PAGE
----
First comprehensive study of wildlife roadkill in Tsavo, Kenya identifies hotspots, affected species


University of Minnesota News and Events

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The Tsavo Conservation Area along the Mombasa-Nairobi highway in Kenya is a hub of biodiversity in the region, containing multiple national parks in the eastern part of the country. It is also bisected by a major highway and railways that connect the port of Mombasa to the interior area.

In a recent study published in Heliyon, researchers from the University of Minnesota and Kenya Wildlife Service recorded wildlife roadkill in the Tsavo Conservation Area over an 11-year period —from 2007 to 2018 — providing the first major assessment of direct mortality of animal species along Kenya’s primary infrastructure corridor. The area was intriguing as one of the largest protected areas in Kenya and a stronghold of the country’s elephant population.

“Most roadkill studies have focused on wildlife in developed countries and temperate habitats, but there are limited data available on the impact of roads on wildlife in the African tropics, especially where road infrastructure development is projected to grow rapidly in natural environments and conservation areas,” said Fredrick Lala, the study’s lead author, a researcher for Kenya Wildlife Service, and PhD student at the University of Minnesota in Associate Professor Joseph Bump’s lab.

“This study provides the first major assessment of direct mortality of animal species along Kenya’s primary infrastructure corridor.”

At least monthly, a team from Kenya Wildlife Service monitored nearly 165 km of roadway, of which 65 km forms a boundary between Tsavo East and Tsavo West National Parks. The remaining section, about 96.93 km, consists of road abutting Tsavo East to the north and private ranches or wildlife sanctuaries to the south.

Roadkill monitoring documented species of concern, including the critically-endangered Taita thrush, the endangered African wild dog, and threatened elephants. Roadkill associated with elephants and buffalo were also usually associated with vehicle damage, which carries a high risk of human mortality during such road accidents.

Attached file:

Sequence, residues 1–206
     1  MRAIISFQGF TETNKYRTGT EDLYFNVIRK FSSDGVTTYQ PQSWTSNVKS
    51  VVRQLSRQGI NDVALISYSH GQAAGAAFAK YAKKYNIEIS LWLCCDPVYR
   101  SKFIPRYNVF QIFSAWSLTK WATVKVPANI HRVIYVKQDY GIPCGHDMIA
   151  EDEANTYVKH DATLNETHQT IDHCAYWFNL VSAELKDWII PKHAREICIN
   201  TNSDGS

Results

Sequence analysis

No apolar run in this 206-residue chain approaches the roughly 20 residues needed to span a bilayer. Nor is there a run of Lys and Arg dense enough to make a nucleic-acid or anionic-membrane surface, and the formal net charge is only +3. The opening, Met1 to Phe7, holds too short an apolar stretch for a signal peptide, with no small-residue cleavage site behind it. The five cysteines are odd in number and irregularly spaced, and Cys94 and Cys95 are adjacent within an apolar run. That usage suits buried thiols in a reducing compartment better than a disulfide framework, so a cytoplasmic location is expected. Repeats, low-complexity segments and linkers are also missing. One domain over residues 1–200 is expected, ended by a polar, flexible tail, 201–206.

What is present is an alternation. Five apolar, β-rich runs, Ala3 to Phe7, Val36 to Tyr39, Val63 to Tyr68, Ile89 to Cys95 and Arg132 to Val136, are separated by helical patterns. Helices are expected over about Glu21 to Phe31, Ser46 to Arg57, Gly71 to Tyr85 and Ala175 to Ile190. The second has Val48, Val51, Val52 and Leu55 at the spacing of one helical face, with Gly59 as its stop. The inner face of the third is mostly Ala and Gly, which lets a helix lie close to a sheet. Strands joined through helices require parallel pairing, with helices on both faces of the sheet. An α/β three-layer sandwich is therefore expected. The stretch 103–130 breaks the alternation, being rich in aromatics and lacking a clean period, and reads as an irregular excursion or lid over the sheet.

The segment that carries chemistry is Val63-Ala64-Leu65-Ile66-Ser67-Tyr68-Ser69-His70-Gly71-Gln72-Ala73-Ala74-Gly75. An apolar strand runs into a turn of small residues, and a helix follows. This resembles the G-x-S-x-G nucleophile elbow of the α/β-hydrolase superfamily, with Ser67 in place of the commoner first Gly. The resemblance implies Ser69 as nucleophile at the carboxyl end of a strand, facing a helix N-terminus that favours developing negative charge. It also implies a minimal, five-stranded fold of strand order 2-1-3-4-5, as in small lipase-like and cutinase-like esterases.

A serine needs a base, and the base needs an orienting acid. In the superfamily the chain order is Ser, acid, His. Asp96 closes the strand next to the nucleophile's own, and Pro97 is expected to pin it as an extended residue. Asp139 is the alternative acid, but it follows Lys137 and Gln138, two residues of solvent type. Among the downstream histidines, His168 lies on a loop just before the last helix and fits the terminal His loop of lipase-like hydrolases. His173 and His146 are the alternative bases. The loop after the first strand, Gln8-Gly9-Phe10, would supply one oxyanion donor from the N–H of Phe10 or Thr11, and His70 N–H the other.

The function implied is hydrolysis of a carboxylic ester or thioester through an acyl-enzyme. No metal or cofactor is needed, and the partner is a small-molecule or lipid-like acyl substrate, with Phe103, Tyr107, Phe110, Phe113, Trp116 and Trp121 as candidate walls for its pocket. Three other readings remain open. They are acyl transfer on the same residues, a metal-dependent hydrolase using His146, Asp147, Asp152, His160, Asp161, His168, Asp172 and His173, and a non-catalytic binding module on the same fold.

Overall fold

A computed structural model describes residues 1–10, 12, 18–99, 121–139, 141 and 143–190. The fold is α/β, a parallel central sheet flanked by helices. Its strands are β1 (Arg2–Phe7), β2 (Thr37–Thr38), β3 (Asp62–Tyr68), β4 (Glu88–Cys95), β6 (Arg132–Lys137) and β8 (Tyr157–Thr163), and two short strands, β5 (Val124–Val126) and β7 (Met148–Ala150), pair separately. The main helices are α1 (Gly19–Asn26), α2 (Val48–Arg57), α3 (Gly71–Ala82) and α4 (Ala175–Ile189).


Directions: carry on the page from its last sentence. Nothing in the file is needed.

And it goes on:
“Identifying roadkill hotspots is key to understanding the effectiveness of mitigation strategies, such as underpasses, vegetation management, and signage,” said Lala. ““We also mapped the spatial distribution of roadkill, which was most closely associated with the stretch of road between the Tsavo parks, adjacent shrub vegetation and proximity to permanent and seasonal rivers.”

In total, 1,436 roadkill were recorded, with the 53% being small to medium sized mammals (<15kg). Birds comprised 32%, reptiles 10%, and 5% were large mammals (>15kg). Of the 460 birds recorded, 264 were identifiable and represented by 62 species. Ten species of large mammal were identified, including the elephant and the endangered African wild dog. Thirteen species of small mammal were also identified, dominated by Kirk’s dik-dik. Reptiles were represented by 11 species.  

“Kenya is a country renowned for its wildlife and studies such as this help to balance between infrastructure development and wildlife conservation,” said co-author Erustus Kanga, Wildlife Secretary at the Ministry of Tourism and Wildlife Kenya.

Additional findings discovered roadkill was lowest on road sections that traversed settled areas, as opposed to roads adjacent to the protected areas. It also appeared to be more evenly distributed along the highway during the wet seasons, and more clustered during the dry seasons for all the species.

“Ultimately, these findings indicate a need— and opportunity— to limit further road mortality of these species,” adds Lala. “With this study, we have the information on where to create underpasses in case of future highway expansion within Tsavo, which could prove safer for surrounding wildlife.”